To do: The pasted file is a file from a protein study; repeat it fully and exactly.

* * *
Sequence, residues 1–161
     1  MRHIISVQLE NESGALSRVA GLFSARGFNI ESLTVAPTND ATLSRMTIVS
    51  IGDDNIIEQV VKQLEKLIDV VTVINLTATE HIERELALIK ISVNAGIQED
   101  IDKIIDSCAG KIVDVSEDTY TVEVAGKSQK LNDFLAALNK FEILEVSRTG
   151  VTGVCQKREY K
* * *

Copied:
Sequence, residues 1–161
     1  MRHIISVQLE NESGALSRVA GLFSARGFNI ESLTVAPTND ATLSRMTIVS
    51  IGDDNIIEQV VKQLEKLIDV VTVINLTATE HIERELALIK ISVNAGIQED
   101  IDKIIDSCAG KIVDVSEDTY TVEVAGKSQK LNDFLAALNK FEILEVSRTG
   151  VTGVCQKREY K